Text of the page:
'I turned my grandson in to the police': Living through a terror attack
Updated 08:24, 12-Dec-2019
Sun Ye,Liu Hongcai

74-year-old Moltudi Niyag has turned his own grandson in to the police.

The young man was part of the deadliest terror attack Moltudi's home has ever seen.

On Sept 18, 2015, the group of armed mobsters attacked a local coal mine in Baicheng county of Aksu prefecture, killing 11 civilians, three policemen and two para-police members, also injuring 18 others.

"It's the worst thing that has ever happened in my town. I have never been so angry in my life." Moltudi told CGTN.

The gang went into hiding in the mountains, causing police and thousands of local residents to then go on a drawn-out manhunt that lasted 56 days.

"My leg was broken, if it weren't I would definitely go with the hunt." Moltudi said.

When he learned that his own grandson was part of the terror group, Moltudi was ready to report him to the police no matter what.

The grandson came home more than a month after the attack "looking like a ghost."

"I asked him: How could he do this? He said he was promised riches and money to go with the extremists, but they didn't even have food. They threatened (that) if he had second thoughts, they'd kill him." Moltudi said.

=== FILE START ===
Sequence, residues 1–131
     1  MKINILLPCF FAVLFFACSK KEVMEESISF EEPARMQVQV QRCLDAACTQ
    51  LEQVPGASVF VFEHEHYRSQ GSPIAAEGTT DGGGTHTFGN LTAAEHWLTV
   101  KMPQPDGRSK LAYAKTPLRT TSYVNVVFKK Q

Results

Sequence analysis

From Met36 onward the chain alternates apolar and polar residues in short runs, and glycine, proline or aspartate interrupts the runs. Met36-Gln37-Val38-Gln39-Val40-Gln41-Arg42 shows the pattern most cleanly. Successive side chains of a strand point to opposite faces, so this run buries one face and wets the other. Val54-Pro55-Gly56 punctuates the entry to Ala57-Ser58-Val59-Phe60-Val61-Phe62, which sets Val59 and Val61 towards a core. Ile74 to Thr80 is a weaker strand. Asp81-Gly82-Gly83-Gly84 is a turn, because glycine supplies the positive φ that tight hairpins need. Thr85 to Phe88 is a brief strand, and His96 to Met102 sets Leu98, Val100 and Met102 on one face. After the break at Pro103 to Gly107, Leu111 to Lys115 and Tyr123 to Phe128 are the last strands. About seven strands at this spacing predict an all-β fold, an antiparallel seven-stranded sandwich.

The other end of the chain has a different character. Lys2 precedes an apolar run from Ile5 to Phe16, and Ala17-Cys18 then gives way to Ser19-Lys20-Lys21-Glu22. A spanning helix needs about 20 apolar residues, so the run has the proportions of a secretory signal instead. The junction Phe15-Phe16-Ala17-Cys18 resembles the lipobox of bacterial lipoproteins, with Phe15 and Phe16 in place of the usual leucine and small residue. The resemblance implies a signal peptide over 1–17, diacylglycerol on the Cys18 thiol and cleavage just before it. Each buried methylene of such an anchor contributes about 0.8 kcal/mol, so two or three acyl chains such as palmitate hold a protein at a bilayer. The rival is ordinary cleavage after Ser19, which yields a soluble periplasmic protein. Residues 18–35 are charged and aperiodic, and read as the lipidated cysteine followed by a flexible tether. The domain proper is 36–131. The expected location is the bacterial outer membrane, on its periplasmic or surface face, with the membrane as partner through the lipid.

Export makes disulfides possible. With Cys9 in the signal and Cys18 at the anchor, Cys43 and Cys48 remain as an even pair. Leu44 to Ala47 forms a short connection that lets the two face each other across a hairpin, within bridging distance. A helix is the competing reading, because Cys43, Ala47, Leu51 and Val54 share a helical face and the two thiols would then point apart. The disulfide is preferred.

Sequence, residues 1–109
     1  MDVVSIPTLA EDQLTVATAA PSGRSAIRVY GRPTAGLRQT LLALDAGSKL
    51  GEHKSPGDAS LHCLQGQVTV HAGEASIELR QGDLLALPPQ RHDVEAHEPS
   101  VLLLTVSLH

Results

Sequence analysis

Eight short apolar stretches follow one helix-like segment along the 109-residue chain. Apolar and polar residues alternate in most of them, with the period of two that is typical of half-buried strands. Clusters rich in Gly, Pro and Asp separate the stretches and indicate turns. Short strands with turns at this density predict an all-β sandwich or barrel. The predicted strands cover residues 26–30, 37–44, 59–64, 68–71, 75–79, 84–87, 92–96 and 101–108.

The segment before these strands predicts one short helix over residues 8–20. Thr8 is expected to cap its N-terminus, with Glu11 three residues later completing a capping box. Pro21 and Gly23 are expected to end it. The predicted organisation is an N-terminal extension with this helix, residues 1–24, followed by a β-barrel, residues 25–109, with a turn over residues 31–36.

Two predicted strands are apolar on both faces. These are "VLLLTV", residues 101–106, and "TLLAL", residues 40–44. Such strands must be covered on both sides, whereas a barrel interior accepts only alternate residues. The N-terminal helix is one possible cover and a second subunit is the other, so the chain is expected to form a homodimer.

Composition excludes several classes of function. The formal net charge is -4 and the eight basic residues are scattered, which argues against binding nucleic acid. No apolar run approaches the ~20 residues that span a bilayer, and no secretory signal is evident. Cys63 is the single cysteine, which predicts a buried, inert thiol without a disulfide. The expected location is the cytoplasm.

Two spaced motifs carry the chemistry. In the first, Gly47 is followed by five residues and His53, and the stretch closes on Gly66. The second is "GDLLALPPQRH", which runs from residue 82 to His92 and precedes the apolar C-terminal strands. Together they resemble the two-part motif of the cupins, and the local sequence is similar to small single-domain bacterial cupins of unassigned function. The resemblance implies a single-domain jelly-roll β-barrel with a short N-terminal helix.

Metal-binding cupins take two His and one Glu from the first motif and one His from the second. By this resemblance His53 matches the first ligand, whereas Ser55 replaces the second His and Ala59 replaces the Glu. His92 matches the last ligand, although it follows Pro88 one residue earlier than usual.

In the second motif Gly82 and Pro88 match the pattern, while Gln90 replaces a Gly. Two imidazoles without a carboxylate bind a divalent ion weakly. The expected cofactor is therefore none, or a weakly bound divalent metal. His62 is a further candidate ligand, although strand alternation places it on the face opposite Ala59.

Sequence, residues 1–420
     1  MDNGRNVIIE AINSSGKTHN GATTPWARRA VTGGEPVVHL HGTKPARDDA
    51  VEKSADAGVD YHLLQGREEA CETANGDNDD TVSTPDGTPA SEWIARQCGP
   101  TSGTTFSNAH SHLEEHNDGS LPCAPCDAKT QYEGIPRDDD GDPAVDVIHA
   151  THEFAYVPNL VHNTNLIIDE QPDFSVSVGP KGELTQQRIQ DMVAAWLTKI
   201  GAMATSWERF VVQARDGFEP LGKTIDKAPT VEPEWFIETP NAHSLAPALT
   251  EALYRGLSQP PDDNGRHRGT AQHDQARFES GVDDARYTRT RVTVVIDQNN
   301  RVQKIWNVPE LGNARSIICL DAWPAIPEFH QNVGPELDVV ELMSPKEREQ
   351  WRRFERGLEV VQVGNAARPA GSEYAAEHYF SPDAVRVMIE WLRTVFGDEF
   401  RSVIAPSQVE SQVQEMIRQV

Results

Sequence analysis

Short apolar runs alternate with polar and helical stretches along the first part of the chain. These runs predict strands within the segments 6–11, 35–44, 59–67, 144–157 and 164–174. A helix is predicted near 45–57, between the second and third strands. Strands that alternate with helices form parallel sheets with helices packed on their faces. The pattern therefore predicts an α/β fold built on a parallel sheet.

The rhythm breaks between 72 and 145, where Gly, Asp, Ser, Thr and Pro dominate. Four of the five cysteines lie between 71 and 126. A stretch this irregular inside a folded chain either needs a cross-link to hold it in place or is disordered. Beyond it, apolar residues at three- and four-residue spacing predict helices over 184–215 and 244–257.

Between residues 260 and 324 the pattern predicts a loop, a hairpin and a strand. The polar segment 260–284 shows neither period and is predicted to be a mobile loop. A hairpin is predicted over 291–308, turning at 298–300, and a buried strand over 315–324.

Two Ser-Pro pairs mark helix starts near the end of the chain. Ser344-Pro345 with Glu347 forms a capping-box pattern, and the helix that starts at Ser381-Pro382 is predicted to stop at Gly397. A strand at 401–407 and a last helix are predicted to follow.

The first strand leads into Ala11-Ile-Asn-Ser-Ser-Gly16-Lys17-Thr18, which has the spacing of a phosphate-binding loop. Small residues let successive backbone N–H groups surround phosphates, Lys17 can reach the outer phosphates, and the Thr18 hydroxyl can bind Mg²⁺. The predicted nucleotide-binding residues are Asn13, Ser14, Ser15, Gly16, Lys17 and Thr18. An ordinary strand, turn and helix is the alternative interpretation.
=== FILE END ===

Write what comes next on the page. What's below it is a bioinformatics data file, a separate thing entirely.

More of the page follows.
"My grandson had been herding sheep after middle school, he's too gullible, he's been fooled."

Moltudi said he had an iron bar at hand on the way to the police station, ready to strike his crying grandson down should he turn back on his words. The young man just cried all the way.

Moltudi said he never regretted reporting his wayward grandson to the police. He could never forgive terrorism, even if it came to his own bloodline.

"The attack traumatized our village, our town, the whole region, all the people are in pain, it's infuriating." Moltudi said.

"In the days immediately after the gang were taken down we were still so afraid, for a while we are all still scared if another group might come to prey on us." Moltudi recalled.

"Thanks to government arrangements and police, we are again safe now."

Retired now, he still tells young people in town to be aware and alert. He doesn't expect to see his grandson again, but if he does, "I'll still tell him to repent and be an upright man."